Question about Kenmore Freezers
It sounds that the defrost circuit has failed in your freezer since you are developing icing on the evaporator coils. The defrost circuit is made up of three parts, the defrost timer, defrost heater, and thermostat.
The way it works is that normally the compressor has power for 8 to 12 hours, then the timer cuts power off and sends power to the defrost heater for about 45 minutes. The heater is attached to the coil and warms up the coil to melt the ice. When the coil reaches about 40 deg F, the thermostat which is in series with the heater, opens up cutting off power to the heater. This prevents the freezer from getting too hot. After the 45 minutes are up, the timer switches the power back to the compressor again to restart the 8 to 12 hour cooling cycle.
Any of the three components can fail causing you not to get the defrost cycle to work. Typically the timer stops advancing so you either stay in permanent cooling or defrost mode. Or the heater burns out so it can't heat up the coil.
You can have a service person fix it but, if you have some mechanical ability it relatively easy to diagnose and fix. To start, check the defrost timer. It looks like this:
I think your problem is that the timer is getting stuck, and not advancing properly so it stay longer in cooling than it should. This will cause the evaporator coils to ice up. If it stay too long in the defrost mode, the compressor won't come on.
It either located behind the freezer near the compressor or in the temperature control box in the freezer compartment. On the side of the timer, there is a round cam that can be turned with a straight screwdriver. Turn it until it clicks. With the freezer plugged in, the compressor should start up again and cool down.
After the freezer is back to normal temperature, turn the cam on the timer again until it clicks. The compressor should stop and the heater should be turning on and getting warm. Look and listen for signs of melting ice on the coils. There should sounds of ice crackling and water dripping out the drain tube below the freezer. The compressor should start up again within 45 minutes. If it does not come back on again the problem is with the defrost timer. It needs to be replaced.
You can get replacement parts at your local appliance repair supply or online such as repairclinic.com. Hope this helps you, let me know if you need any additional help.
Posted on Mar 18, 2011
You probably got water either in the cold control(temperature set control) and ruined it,or water found its way down to the ptc overload on the compressor and ruined this one,you could try removing the cover off the cold control in the refrigerator and bypassing the wires to this control,if it starts,then replace this control,you cant do this with the ptc overload though
Posted on Mar 17, 2011
It may have gone into the defrost cycle which isn't melting the ice but is still shutting the system down. I would guess it's the heater that's the problem.
The evaporator coil behind the cover on the back wall inside the freezer will ice up under normal conditions. Every 8 to 10 hours for around 20 minutes the defrost timer (or in most newer models the electronic adaptive defrost control) will turn the defrost heater on to melt the built up ice. There is a defrost thermostat which prevents the heater from overheating the freezer by breaking the heater circuit when the temp reaches close to 32 degrees F. The entire cooling system shuts off during the defrost cycle and starts back when the timer advances through the cycle.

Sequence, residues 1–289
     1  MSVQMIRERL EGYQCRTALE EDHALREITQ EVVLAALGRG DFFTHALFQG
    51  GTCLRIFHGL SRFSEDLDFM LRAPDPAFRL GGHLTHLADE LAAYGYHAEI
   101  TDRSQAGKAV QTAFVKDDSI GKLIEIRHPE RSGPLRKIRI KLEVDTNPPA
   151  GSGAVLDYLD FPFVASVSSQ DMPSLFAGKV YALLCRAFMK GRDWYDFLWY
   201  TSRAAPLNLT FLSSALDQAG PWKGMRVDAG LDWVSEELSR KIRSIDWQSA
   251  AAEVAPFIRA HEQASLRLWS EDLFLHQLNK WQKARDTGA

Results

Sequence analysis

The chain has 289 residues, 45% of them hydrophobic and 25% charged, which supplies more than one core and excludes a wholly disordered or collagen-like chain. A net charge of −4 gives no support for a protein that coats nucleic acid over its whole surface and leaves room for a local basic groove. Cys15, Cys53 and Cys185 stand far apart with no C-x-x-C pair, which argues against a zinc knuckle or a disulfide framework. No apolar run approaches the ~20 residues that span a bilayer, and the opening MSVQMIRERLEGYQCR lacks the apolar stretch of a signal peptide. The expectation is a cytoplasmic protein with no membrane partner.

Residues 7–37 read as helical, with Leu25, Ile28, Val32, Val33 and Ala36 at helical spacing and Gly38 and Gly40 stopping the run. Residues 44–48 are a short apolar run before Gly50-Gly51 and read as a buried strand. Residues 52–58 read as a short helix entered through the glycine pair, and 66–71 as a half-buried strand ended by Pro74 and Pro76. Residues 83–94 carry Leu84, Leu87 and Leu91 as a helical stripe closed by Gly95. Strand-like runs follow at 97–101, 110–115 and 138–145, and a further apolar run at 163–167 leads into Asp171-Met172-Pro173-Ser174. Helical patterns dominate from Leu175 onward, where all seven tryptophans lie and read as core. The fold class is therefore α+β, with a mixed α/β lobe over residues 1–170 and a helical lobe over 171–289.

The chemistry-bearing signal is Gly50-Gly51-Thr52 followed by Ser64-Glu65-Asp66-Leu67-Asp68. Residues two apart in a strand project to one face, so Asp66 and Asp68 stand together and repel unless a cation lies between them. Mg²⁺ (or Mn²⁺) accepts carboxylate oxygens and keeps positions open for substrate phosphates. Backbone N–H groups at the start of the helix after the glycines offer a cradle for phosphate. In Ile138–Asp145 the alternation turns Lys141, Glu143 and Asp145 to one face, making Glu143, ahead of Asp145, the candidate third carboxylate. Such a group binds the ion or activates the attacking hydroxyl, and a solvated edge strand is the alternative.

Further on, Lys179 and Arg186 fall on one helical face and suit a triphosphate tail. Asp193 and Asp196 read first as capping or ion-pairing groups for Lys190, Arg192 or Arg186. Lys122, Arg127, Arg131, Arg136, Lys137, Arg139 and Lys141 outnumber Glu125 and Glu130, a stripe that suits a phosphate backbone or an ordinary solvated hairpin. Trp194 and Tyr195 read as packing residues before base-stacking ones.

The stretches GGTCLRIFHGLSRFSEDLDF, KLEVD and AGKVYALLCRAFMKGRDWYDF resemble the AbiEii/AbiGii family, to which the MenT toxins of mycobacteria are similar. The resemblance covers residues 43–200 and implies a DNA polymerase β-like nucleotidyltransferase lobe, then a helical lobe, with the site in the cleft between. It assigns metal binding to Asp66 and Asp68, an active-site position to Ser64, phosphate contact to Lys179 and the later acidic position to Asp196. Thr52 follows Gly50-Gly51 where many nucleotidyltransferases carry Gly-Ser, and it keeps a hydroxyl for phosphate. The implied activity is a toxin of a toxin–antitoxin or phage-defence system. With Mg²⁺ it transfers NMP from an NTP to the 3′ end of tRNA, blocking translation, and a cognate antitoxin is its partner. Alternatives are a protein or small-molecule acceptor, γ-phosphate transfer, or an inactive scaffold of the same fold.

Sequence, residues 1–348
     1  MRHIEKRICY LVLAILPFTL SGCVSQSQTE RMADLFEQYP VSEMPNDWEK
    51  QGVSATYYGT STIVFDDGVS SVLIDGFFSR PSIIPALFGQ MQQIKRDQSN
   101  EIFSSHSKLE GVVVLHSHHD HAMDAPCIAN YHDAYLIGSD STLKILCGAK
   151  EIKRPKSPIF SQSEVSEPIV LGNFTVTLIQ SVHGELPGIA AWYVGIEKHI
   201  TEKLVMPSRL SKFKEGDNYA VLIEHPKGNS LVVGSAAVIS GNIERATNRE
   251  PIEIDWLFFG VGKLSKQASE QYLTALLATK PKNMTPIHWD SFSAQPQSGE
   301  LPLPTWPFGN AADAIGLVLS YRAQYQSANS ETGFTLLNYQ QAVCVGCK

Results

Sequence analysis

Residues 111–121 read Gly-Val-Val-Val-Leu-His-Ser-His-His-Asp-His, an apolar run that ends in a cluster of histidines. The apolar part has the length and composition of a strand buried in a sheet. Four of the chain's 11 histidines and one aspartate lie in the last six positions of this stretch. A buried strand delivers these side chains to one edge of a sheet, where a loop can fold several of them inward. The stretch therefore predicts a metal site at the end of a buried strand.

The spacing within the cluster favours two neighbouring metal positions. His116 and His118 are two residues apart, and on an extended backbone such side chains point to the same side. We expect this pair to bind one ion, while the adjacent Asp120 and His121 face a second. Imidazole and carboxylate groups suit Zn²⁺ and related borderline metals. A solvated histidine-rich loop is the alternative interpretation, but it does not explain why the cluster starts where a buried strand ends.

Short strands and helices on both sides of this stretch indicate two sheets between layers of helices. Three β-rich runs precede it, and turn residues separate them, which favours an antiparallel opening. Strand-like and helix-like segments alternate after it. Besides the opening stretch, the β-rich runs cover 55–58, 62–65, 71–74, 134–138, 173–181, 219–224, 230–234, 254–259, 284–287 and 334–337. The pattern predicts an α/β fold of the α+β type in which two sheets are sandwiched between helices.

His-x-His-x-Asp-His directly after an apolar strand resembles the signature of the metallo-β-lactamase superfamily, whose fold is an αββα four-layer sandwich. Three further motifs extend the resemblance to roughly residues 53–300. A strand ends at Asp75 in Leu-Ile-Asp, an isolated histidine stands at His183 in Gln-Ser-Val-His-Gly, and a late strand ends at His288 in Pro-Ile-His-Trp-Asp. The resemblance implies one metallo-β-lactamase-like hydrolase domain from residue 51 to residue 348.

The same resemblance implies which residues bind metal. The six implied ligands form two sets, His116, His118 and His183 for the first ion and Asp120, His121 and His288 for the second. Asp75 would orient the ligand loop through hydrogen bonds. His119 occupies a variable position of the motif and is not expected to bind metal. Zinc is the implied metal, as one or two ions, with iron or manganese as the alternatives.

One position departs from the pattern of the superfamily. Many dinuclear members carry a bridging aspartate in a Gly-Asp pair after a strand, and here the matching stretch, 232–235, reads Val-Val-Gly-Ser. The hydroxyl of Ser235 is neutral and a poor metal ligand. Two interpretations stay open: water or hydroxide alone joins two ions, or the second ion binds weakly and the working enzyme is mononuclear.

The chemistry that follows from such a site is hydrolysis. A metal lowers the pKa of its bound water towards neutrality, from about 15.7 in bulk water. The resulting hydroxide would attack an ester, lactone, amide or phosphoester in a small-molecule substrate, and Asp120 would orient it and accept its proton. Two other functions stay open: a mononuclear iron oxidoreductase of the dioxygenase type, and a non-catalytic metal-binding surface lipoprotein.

If this ice is not melted it will continue to build up until the air can't flow over the coil to circulate the cold air through the freezer and into the fridge. The temperature change in the fridge is usually noticed first followed by the freezer.
If the defrost thermostat is bad, it can prevent the heater from coming on OR it won't turn the heater off when it gets too warm. It is clamped to the evaporator coil at the top to sense the temp. If it appears to be misshapen it is bad.
With an ohm meter it should show continuity when cold and none when warm.
You can also bypass(disconnect the two wires plugged into it and twist them together) the thermostat to see if the heater comes on then. If it does then you know the thermostat is bad and needs replaced.
The defrost heater is located on the evaporator. It is in a tube which is at the bottom and can also go up the sides of the evaporator. On some types you can see a burnt spot if it's bad. With an ohm meter it should show continuity from end to end when disconnected from the wiring in the freezer. You can also test the wiring for voltage when it's in the defrost mode.
you have a defrost timer and you can test it. It can be located under the fridge behind the kick panel on the front. Some are in the fridge with the controls at the top. You can turn the defrost timer till it clicks and everything shuts down. The heater should now come on. If it does, replace the timer because that means the timer is not running. If it doesn't, check the heater and defrost thermostat. Turn the timer again till everything starts back up to end the defrost cycle.
Posted on Mar 17, 2011
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Posted on Jan 02, 2017
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